My name is Layla Derelict. I am twenty two and recently finished college with a major in BS – aka Marketing. Just turned down the job of a lifetime managing two 5-star resorts in Isla Paradiso. Why, you might ask?
To chase ghosts, in essence.
I never expected to come back to this old farmhouse. Then again, what kid ever expects their grandmother to up and die unexpectedly, and then to leave everything to you in the will? And I mean everything. Their prized farm, prized horses, and ornery dog. Not to mention the money.
I don’t have time to worry about it. Not right now. I’m too tired to process anything; it’s been a full day of layovers and airport terminals. Thankfully there was a chicken casserole waiting for me in the kitchen – a condolence casserole from my grandma’s lawyer.
I eat right out of the dish and fork some off to Jasper, the dog. I don’t bother locking the front door or pulling my suitcases up to my room. What’s going to happen, someone’s going to come out to this stupid farm in the middle of nowhere? Just for my bras or clothes? Let ’em have them.
When I crawl into bed, Jasper jumps up with me, licking his lips and sighing in contentment. Luckily, between the crickets and Jasper’s soft snores, I fall into a fitful sleep.
…Only to be awakened at four in the morning by the damn rooster. Farm living.
After a lazy breakfast, I go outside to see one of the farmhands has already let the horses out. Bonnie and Clyde have been prize-winning show horses for three years and have sired two foals in the meantime. Both foals got sold off for a fortune, according to grandmother’s lawyer. I was told to expect another foal sometime next spring. Urg. I didn’t know if I even wanted to be here for that long. Surely I could sell this place quickly, and find a good home for the animals…
The nice thing is the garden. I was looking forward to getting in there and weeding the hell out of it. Grandmother had obviously let it go to waste. Most of the late-blooming crops were hanging heavy and ready to rot.
I finally decided to get inside and change into something suitable (I can only imagine what the farmhands would be saying about my traipsing around in my negligee). I was thinking about riding one of the horses down to the Equestrian Center to see if there were any buyers lined up, but got a little distracted. Jasper’s good at distracting.
Clyde was more than willing to let me put his tack on. Once I hopped onto his back, rather unsteadily, he started trotting through some courses. I fell back into the routine of riding after an hour of his slow trots and found myself actually enjoying it. It had been years since I’d ridden… ever since I moved off of the farm when I was eighteen.
We did a few laps of the farm before I nudged him back to the barn. It was lunch time, and he seemed grateful for a water break and fresh hay.
After lunch I ran across my old easel that grandma had bought for me when I was a teenager. Standing there, staring at it, I remembered a lot about her. And when I thought about her, I would wistfully think of my mother. My mother, the model. The beauty queen. The tragic runaway mother. Everyone said she died. I don’t know if I believe it. I saw her so often in my dreams, it was hard to imagine she could have ever left this mortal coil.I sketch her often, but today I unpacked my old paints and canvases and put them to work for the first time in a long time.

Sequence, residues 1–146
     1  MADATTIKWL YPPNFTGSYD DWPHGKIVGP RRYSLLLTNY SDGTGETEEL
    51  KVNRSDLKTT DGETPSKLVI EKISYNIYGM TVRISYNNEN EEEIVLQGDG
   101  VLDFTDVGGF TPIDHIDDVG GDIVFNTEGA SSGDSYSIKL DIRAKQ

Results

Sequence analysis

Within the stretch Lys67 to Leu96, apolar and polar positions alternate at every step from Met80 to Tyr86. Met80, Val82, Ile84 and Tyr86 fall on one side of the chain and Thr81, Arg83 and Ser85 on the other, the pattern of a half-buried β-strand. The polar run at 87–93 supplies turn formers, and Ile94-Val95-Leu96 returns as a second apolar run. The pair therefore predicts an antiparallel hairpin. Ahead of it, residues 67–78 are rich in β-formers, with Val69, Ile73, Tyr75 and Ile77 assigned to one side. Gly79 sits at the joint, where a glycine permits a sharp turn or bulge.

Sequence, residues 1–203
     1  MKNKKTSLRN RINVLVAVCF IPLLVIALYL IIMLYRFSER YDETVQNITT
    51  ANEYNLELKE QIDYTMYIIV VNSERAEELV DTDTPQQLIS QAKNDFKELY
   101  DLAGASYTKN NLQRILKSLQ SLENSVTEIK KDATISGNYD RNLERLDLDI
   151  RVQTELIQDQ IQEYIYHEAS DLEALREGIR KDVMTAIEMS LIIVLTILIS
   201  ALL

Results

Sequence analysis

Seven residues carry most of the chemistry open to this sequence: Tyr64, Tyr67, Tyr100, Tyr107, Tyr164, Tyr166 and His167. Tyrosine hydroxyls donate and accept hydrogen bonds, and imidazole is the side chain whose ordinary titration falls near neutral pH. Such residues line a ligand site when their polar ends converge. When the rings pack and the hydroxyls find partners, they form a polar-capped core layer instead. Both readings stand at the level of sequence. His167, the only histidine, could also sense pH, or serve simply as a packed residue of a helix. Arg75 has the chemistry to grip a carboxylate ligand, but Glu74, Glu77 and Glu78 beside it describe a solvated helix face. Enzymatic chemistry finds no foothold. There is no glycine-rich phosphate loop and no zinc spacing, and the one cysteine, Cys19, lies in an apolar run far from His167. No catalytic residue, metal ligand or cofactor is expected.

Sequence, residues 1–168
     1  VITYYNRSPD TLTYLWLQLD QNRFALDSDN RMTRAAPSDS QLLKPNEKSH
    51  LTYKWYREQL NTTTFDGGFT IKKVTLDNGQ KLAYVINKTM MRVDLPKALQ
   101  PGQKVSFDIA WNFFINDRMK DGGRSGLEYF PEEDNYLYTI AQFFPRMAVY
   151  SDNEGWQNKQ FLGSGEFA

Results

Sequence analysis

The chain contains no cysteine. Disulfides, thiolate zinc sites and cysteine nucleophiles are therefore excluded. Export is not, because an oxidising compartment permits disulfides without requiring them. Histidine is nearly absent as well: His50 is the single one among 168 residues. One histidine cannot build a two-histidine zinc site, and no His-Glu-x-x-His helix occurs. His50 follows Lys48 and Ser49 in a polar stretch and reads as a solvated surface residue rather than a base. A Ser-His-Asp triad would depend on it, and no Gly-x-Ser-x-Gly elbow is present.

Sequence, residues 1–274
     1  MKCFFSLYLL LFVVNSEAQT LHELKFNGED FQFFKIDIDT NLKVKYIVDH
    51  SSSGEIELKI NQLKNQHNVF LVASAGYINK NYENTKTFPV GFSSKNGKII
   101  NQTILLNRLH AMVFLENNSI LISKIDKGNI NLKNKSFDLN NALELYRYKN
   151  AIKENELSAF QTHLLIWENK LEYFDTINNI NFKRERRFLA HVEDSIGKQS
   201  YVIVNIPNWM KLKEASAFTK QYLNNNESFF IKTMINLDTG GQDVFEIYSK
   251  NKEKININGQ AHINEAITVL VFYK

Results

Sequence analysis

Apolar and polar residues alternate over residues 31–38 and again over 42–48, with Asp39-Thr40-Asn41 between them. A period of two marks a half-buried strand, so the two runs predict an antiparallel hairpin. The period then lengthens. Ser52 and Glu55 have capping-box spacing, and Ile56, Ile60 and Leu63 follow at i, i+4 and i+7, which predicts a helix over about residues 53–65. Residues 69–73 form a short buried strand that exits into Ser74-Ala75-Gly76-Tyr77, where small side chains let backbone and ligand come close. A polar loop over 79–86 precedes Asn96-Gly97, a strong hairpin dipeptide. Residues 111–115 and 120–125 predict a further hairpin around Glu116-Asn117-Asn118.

I finish up the painting late and find myself starving and still having done nothing with the garden. I grumble but run downstairs in order to work on weeding a few plants before I lose all light. The cool weather would be a nice change, after all – it’s absolutely sweltering when the sun is up. I got to the garden and started working. It was thankless, tiring work and Jasper kept wining for me to come and play with him.
I still don’t know how I didn’t see her sooner. This crazed, naked woman was standing right there, right beside me, and Jasper had been warning me! I felt cold terror filling my veins as a swollen, overripe tomato slipped from my hands. The woman snarled, showing hideously broken, bloody gums and cracked teeth.
Jasper growled and broke the spell. I launched myself into motion, hopping the fence and sprinting toward the house. Jasper was two steps ahead of me, waiting at the porch, still growling low. There was another one of those freaks by the porch, a man, just standing there swaying and making this awful gnashing sound with his jaws. I was up the steps and flinging the door open, Jasper galloping in right beside me.
I went straight for my room, locking Jasper and me inside. I had dialed 911 on my phone before it even registered that I had pulled the phone out of my pocket. I was sobbing by the time the night receptionist of the tiny local precinct answered, sounding bored.
I told her that there were strange people in my yard, one of which happened to be what looked like a naked, meth-addicted woman. The woman was quiet for a while, the only sound being her fingers on a keyboard.
Finally she asked, “Could you give me a detailed description?”
“Once the woman started snarling, I ran!” I exclaimed, fed up already. “I don’t know, older, maybe 50’s? Naked, pale hair… Oh God.”
“Ma’am? What is it?”
“She’s right outside. Oh my God. She’s watching me. Please, please send someone out!”
“Hello?!” I demanded.
I pulled the phone from my ear. The whole thing went dead. I plugged it into my charger, frantically begging for the phone to click back on. But nothing happened. I moved back to the window and she was still there, unmoving, staring up at my window.